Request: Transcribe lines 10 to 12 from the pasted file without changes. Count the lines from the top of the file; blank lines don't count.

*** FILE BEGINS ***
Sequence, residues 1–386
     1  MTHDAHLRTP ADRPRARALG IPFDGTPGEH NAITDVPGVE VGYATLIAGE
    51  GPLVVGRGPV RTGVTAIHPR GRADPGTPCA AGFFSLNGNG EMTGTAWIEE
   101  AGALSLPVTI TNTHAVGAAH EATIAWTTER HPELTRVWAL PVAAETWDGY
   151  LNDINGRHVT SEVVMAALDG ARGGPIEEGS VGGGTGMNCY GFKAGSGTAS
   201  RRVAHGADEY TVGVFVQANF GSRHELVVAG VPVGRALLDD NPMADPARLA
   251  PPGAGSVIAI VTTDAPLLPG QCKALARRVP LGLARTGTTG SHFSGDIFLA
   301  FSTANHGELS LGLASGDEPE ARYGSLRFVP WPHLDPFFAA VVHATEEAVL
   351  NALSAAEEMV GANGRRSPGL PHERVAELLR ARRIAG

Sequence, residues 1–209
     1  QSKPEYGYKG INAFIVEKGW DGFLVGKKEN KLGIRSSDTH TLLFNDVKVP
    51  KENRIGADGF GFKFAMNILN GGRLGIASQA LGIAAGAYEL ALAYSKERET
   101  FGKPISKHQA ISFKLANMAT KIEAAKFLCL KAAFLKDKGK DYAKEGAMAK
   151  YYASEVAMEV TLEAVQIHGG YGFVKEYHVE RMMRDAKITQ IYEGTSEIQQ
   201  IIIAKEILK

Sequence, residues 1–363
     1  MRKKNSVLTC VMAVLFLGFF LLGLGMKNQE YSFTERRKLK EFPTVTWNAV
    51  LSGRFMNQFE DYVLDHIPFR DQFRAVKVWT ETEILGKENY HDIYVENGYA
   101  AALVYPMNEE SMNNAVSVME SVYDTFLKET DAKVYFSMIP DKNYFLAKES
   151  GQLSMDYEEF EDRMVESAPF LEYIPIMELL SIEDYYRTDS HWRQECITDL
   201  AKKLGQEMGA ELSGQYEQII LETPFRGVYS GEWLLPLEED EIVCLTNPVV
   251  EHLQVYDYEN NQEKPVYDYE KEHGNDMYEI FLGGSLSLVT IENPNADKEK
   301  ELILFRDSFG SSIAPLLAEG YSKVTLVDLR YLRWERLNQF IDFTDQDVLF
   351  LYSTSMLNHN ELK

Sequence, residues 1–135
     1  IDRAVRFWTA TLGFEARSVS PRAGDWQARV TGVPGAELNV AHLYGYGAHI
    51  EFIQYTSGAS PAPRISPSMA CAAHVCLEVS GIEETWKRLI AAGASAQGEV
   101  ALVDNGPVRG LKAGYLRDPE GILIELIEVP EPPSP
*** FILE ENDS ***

Sequence, residues 1–209
     1  QSKPEYGYKG INAFIVEKGW DGFLVGKKEN KLGIRSSDTH TLLFNDVKVP
    51  KENRIGADGF GFKFAMNILN GGRLGIASQA LGIAAGAYEL ALAYSKERET